Example II 43.3 parts .by weight of l-hydroxy-e-aminoanthraquinone, 13.3 parts by weight of lignin sulfonate and 13.3 parts by weight of potassimn pyrophosphate are mixed with 60 parts by weight of water and the resulting paste milled for 48 hours. The pastels then atomized, as described, and the liquid droplets dried with air heated to a temperature of 300 F. The particles are dried to a moisture content of 5.19% by weight and have a particle size of from about 25 to 100 microns. When the dyestuff particles are dispersed in Water and the dispersion formed is filtered, substantially all of the dyestuff passes through the filter and practically no agglomerates are found to be present. The dispersion is stable on long standing. The filter test and dispersion obtained are far superior to the filter test and dispersion of a dispersed dyestuff composition of the identical components which is prepared by milling and pan-drying followed by grinding to pass a 400 mesh screen.
Surprisingly enough when our novel spray drying process is carried out employing dispersed dyestuiT compositions in which the dispersing agent employed is an alkyl-aryl sulfonate or like commercial dispersing agent, the results obtained are not at all comparable to those obtained when employing lignin sulfonate as the dispersing agent and incorporating a neutral or alkaline inorganic salt of the type heretofore described. A notice ably poorer degree of dispersion is obtained with the formation of an appreciable amount of sediment when dispersion is efiected with a dispersing agent other thanligninsulfonate, which indicates that lignin sulfonate is peculiarly adapted or usein o pr ce s- It is to be understood that the foregoing detaileddescription is given merely by way of illustration and that many variations may be made therein without departing from the spirit of our invention. I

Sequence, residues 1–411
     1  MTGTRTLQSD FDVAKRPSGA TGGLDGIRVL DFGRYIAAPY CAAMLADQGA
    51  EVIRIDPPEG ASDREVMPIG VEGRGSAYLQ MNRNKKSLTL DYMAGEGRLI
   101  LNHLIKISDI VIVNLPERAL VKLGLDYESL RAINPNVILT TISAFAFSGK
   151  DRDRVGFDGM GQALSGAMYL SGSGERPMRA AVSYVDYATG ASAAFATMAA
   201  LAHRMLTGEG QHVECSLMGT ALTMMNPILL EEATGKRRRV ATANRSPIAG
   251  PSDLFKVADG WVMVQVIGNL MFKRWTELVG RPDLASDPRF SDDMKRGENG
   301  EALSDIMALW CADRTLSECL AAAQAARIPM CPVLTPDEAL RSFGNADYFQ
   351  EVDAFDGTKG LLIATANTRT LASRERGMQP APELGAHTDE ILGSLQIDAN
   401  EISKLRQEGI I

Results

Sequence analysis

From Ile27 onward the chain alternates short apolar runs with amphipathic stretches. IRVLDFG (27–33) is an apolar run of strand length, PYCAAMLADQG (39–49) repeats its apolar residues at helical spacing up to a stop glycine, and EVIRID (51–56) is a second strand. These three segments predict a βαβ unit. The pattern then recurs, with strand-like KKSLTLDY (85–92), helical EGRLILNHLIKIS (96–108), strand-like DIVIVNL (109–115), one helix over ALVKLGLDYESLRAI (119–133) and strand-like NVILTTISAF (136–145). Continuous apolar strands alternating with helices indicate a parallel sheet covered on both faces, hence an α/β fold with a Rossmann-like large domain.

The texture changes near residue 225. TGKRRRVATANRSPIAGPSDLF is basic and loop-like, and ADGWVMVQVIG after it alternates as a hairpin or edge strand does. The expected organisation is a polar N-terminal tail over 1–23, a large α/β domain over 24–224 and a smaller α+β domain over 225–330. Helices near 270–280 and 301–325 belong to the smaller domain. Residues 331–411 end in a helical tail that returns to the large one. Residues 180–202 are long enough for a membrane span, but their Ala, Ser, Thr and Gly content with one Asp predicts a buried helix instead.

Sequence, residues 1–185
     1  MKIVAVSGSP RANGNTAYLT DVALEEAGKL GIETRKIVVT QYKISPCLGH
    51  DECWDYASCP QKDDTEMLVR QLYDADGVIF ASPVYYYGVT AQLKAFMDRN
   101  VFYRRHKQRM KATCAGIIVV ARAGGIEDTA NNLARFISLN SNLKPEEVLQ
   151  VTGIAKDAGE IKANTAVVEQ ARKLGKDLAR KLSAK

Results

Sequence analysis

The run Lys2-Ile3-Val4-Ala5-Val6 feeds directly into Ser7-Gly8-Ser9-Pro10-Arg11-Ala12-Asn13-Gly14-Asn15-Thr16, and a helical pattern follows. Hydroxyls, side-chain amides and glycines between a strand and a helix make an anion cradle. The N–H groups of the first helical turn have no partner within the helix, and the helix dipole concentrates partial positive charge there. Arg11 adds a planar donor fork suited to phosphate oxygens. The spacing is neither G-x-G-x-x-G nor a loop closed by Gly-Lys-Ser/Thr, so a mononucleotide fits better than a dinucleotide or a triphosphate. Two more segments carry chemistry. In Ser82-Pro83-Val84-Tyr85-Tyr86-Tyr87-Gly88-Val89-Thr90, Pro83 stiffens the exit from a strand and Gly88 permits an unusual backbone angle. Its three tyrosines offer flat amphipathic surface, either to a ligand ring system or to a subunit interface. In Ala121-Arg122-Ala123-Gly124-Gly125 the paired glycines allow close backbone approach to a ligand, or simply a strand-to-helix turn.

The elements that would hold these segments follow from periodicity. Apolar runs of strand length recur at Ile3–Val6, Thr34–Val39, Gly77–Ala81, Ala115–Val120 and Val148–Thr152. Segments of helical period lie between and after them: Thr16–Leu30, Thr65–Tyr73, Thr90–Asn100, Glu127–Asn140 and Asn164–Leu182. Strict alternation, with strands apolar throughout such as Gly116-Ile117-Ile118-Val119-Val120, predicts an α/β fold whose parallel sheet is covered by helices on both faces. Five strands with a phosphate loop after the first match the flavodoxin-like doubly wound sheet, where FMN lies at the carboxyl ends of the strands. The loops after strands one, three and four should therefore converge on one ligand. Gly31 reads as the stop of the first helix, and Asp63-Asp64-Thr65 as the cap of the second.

Having described our invention, what we desire to secure by Letters Patent is:
1. In a process for the production of disperse dyestuff powders, the steps which comprise millinga paste consisting of 20 to 50 parts by weight of a dyestufi, 25 to parts by weight of lignin sulfonate and 25 to 40 partsby weight of an inorganic salt selected from the group consisting of neutral and alkaline salts of cations which are incapable of forming insoluble soaps, and water in such amount that the total solids content of saidslurry is from 30 to by weight of the mixture, reducing the aqueous milled slurry to finely-divided droplets, and drying the finelydivided droplets to a moisture content of from about 2 to about 5% by weight by bringing the latter into contact with heated air.
2.. In a process for the production of disperse dyestuff powders, the steps which comprise mill-- ing a paste consisting of to 50 parts by weight of a dyestuff, to 40 parts by weight of lignin sulfonate and 25 to 40 parts by weight of an inorganic salt selected from the group consisting of neutral and alkaline salts of cations which are incapable of forming insoluble soaps, and water in such amount that the total solids content of said slurry is from to 50% by weight of the mixture, reducing the aqueous milled slurry to finely-divided droplets, and drying the finelydivided droplets to a moisture content of from about 2 to about 5% by weight by bringing the latter into contact with heated air at a temperature of 212 to 300 F.
3. In a process for the production of disperse dyestuff powders, the steps which comprise milling a paste consisting of 20 to 50 parts by weight of a dyestuff, 25 to parts by weight of lignin sulfonate and 25 to 40 parts by weight of an inorganic salt selected from the group consisting of neutral and alkaline salts of cations which are incapable of forming insoluble soaps, and water in such amount that the total solids content of said slurry is from 30 to by weight of the mixture, reducing the aqueous milled slurry to finely-divided droplets, and drying the finely-divided droplets to a moisture content of from about 2 to about 5% by Weight by bringing the latter into contact with heated air at a temperature of 212 to 300 F. and separating discrete dried particles of a diameter of 25 to 100 microns.